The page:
It’s inspired by the Isotta Fraschini Tipo 8 luxury car of the early 1920s
The first time people started fantasizing about flying cars was probably when the first ever traffic jam happened.
Fast forward more than one hundred years, and there are no flying cars in sight, even though traffic jams have become the norm rather than the exception.
There have been (and still are) many flying car projects, but none of them has made it to stores yet. However, that doesn't mean we can't imagine the perfect flying car that would not only get us in time to our destination but also make us look cool in the process.
The folks from Lazzarini Design did just that and came up with a flying car concept called Hover Coupe. Surprisingly for a car that flies (thus symbolizing the future), it doesn't look too futuristic. That's because the designer used the classic Isotta Fraschini Tipo 8 from the early 1920s as inspiration for the Hover Coupe — thus allowing us to say it's the first retro-styled flying car.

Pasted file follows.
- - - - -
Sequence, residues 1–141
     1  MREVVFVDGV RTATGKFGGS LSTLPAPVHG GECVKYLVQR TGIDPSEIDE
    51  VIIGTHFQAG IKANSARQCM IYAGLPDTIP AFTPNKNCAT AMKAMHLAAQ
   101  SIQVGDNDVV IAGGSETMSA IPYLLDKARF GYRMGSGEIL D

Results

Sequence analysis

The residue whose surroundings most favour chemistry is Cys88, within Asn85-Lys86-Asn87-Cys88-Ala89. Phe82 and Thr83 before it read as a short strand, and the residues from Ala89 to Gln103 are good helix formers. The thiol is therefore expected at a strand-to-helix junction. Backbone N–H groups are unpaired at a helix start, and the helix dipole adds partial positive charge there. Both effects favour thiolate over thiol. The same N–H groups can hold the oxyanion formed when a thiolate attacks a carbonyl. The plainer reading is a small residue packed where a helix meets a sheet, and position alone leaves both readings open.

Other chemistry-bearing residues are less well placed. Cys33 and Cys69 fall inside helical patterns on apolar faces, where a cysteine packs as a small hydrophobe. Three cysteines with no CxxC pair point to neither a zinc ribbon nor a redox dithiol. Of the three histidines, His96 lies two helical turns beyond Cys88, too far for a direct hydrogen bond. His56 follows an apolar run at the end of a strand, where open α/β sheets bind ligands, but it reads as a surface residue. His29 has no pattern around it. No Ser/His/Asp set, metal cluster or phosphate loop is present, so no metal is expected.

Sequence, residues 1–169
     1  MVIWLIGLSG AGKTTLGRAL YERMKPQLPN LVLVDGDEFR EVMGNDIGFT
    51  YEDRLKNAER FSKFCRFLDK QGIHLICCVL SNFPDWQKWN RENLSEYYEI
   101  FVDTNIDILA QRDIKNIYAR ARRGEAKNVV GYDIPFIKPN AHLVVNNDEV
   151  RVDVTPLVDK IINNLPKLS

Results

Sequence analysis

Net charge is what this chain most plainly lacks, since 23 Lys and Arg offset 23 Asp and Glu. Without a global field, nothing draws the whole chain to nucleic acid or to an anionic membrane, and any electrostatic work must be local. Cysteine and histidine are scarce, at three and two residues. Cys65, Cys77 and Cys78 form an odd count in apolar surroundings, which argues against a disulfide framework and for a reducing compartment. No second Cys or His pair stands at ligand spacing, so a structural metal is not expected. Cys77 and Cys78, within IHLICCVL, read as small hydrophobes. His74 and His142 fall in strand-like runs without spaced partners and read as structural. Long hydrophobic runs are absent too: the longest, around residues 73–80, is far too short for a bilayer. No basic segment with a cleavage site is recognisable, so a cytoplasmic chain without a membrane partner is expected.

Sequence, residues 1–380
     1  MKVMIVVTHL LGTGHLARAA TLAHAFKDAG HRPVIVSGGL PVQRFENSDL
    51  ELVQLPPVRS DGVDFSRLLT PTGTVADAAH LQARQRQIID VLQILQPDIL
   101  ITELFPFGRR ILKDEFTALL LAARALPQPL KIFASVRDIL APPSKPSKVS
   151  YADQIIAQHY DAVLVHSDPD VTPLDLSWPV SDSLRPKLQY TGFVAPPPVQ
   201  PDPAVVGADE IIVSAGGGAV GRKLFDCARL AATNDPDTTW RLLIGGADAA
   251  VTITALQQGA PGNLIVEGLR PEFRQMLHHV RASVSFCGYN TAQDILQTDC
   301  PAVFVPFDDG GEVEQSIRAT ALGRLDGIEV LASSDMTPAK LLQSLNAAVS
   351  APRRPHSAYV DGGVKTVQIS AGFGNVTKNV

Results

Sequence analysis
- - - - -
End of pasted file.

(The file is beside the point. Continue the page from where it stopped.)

As the name suggests, it uses hover power to lift off the ground — more specifically, four small turbine engines located in the four corners of the vehicle. They are mounted on an extremely light carbon body structure.
Lazzarini claims these jets could hypothetically allow the Hover Coupe to reach speeds exceeding 550 mph (342 mph). The position of the jet engines would also give it drone-like maneuverability, something you'd need in a crowded city skyline full of flying cars.
The Hover Coupe turns left and right by releasing the available air inside the turbines. To make it stable while flying, Lazzarini has also fitted it with adjustable flaps below the chassis. The contraption measures 4,500 mm (177 in) in length, making it similar to a compact sedan in that respect. However, it can only seat two passengers.
As you can imagine, the Hover Coupe is just a design exercise. But it's one that allows us to fantasize about a flying car future, and that's fine with us. Just check out the fantasy video below.
Story references: Lazzarini Design via AutomobileMag